Trump seeks momentum after Syria strike, Supreme Court win

Trump seeks momentum after Syria strike, Supreme Court win
© Greg Nash

The White House is seeking to parlay a successful Supreme Court nomination and military strike against Syria into some badly needed momentum for President Trump. 

Trump won some of his best press coverage in office for last week’s missile strike against Syria and Neil Gorsuch's confirmation as a justice.

While questions remain about Trump’s overall strategy in Syria, criticism from Senate Minority Leader Charles SchumerCharles (Chuck) Ellis SchumerCardi B expresses solidarity with federal workers not getting paid Government shutdown impasse is a leveraging crisis Overnight Health Care: Dem chair meets Trump health chief on drug prices | Trump officials sued over new Kentucky Medicaid work rules | Democrats vow to lift ban on federal funds for abortions MORE (N.Y.) and other Democrats has been muted. 

Gorsuch's success, meanwhile, have given Trump the kind of legacy-burnishing accomplishment any Republican president would covet: saving the late Justice Antonin Scalia's seat for conservatives. 

Trump talked up the accomplishment Monday during the swearing-in ceremony for Gorsuch at the White House. 

“I've always heard that the most important thing that a president of the United States does is appoint people — hopefully great people like this appointment — to the United States Supreme Court,” Trump said in the Rose Garden.

“And I got it done in the first 100 days — that's even nice. You think that's easy?”

The question now is whether Trump and the White House can build on the positive news.

The president found himself at a similar juncture six weeks ago when he delivered a well-received joint address to Congress. 

But that momentum was quickly halted by a report that Attorney General Jeff SessionsJefferson (Jeff) Beauregard SessionsBudowsky: Senate must protect Mueller from Barr, President Trump Feinstein grappling with vote on AG nominee Barr Central American women fleeing domestic violence deserve refugee status MORE failed to disclose meetings with the Russian ambassador during testimony under oath despite being asked directly about such contacts.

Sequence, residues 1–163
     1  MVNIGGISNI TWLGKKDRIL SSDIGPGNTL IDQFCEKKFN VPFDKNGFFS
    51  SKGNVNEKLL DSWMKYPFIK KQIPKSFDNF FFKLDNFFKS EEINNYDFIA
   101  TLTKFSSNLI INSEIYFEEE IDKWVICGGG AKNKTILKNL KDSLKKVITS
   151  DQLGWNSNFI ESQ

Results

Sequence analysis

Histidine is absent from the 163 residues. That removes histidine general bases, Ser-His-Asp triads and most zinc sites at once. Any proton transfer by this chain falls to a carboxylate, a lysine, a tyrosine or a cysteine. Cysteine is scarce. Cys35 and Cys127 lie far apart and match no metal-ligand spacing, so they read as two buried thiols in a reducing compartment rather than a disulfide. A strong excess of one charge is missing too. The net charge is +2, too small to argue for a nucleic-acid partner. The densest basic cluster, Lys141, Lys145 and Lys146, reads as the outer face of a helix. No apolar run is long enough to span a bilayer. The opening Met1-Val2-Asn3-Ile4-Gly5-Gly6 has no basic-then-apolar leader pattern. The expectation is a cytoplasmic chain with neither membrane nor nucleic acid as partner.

Clearly frustrated by the turn of events, Trump a few days later accused former President Barack ObamaBarack Hussein ObamaFormer congressmen, RNC members appointed to Trump administration roles If Republicans rebuked Steve King, they must challenge Donald Trump ‘Family Guy’ says it will stop making jokes about gay people MORE of wiretapping Trump Tower during the 2016 campaign; he offered no evidence but nonetheless created a firestorm that consumed his White House for weeks.

“He now knows what a good week feels like. And my guess is he is going to want more good weeks like this,” said Matt Mackowiak, a Republican strategist and writer for The Hill's Contributors blog.

“The question is: Is he going to stay disciplined enough going forward?” he added. “Not to chase every rabbit but stay focused on the issues that matter to the public. Can he play the long game?”

The Syria strikes, the Gorsuch confirmation and Trump’s successful meeting with Chinese President Xi Jinping appear to have lifted the mood at the White House.